China August inflation slows to 1.3%, weakest since Oct 2015

Two uniformed women walk hand in hand past a mall in Beijing on Aug 12, 2016. China's consumer price inflation slowed to its weakest pace in almost a year in August.
Two uniformed women walk hand in hand past a mall in Beijing on Aug 12, 2016. China's consumer price inflation slowed to its weakest pace in almost a year in August.PHOTO: AFP

BEIJING (REUTERS) - China's consumer price inflation slowed to its weakest pace in almost a year in August, pulled down by abating food costs, although an encouraging moderation in producer price deflation added to recent evidence of a steadying economy.

The consumer price index (CPI) rose 1.3 per cent in August from a year earlier, compared with a 1.8 per cent increase in July, the National Bureau of Statistics said on Friday (Sept 9).

That was the slowest pace of inflation since October 2015. Analysts polled by Reuters had expected a 1.7 per cent gain.

Consumer inflation has remained well below China's official target of around 3 per cent in 2016, despite concerns that severe summer flooding, which has disrupted public infrastructure and agricultural production, would ramp up inflationary pressures.

Food prices were up 1.3 per cent in August, compared with a 3.3 per cent year-on-year gain in the previous month. Prices of pork, China's staple meat, rose only 6.4 per cent versus a 16.1 per cent increase in July.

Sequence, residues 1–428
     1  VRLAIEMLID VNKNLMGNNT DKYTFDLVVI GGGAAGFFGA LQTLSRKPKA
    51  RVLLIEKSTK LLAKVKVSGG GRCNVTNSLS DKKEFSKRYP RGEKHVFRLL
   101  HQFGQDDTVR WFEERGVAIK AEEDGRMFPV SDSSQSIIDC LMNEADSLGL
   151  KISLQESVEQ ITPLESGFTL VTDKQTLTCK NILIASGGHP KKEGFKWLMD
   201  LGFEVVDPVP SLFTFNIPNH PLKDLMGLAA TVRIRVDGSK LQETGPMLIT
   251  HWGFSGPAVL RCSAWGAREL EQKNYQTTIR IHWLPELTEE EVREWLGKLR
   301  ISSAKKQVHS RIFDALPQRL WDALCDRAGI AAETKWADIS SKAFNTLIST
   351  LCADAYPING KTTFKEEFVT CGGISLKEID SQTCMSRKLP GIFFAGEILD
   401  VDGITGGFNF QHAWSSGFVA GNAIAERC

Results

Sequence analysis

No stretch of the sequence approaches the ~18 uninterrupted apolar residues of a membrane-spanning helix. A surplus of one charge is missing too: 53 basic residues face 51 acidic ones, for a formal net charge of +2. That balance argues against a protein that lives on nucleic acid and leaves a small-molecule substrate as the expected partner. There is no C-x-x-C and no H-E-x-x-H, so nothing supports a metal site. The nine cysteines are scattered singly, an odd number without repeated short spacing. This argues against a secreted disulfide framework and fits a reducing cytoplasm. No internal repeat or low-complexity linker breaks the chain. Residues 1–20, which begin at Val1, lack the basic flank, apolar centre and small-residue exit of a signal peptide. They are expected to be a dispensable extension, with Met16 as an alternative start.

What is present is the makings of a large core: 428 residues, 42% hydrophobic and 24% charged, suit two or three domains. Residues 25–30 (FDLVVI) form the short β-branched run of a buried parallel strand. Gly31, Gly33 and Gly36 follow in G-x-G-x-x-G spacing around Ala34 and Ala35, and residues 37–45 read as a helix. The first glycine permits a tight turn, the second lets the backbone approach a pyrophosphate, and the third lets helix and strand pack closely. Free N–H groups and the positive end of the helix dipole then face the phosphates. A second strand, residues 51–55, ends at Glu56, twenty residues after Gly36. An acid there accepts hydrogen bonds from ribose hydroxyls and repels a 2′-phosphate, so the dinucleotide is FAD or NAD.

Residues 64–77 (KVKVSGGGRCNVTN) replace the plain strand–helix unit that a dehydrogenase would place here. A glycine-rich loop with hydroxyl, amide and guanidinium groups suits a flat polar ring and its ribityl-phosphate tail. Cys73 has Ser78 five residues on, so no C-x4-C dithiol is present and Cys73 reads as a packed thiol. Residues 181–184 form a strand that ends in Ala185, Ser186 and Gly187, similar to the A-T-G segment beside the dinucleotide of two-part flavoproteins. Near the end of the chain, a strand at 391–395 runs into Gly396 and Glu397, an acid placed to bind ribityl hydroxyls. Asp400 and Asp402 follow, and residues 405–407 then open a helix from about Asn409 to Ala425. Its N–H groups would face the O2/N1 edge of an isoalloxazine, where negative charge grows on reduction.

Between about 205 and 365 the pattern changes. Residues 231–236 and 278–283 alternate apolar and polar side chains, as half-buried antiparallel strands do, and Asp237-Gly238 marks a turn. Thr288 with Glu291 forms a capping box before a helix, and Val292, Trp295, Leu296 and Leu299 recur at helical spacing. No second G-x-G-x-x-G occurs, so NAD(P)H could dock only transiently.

Non-food prices rose 1.4 per cent, unchanged from July, statistics bureau data showed.

The producer price index (PPI) dropped 0.8 per cent in August from a year earlier. Analysts had expected PPI to fall 0.9 per cent.

China factory prices have been falling since March 2012, but a turning point could be on the horizon as the industrial sector improves on the back of a housing recovery, and commodity prices bounce globally.

Indeed, China's imports rose for the first time in nearly two years in August as Chinese companies restocked and wholesale inflation expectations rose. Those signs of stronger domestic demand were accompanied by the same trade data showing exports fell less than expected.

Low inflation means Beijing has room to loosen monetary policy if needed, but policymakers appear to have disparate views over how much stimulus is needed to stoke economic growth, if any, and what form it should take.

However, strengthening producer prices should temper the need to ease in the short-term. China's central bank has not adjusted interest rates since October 2015.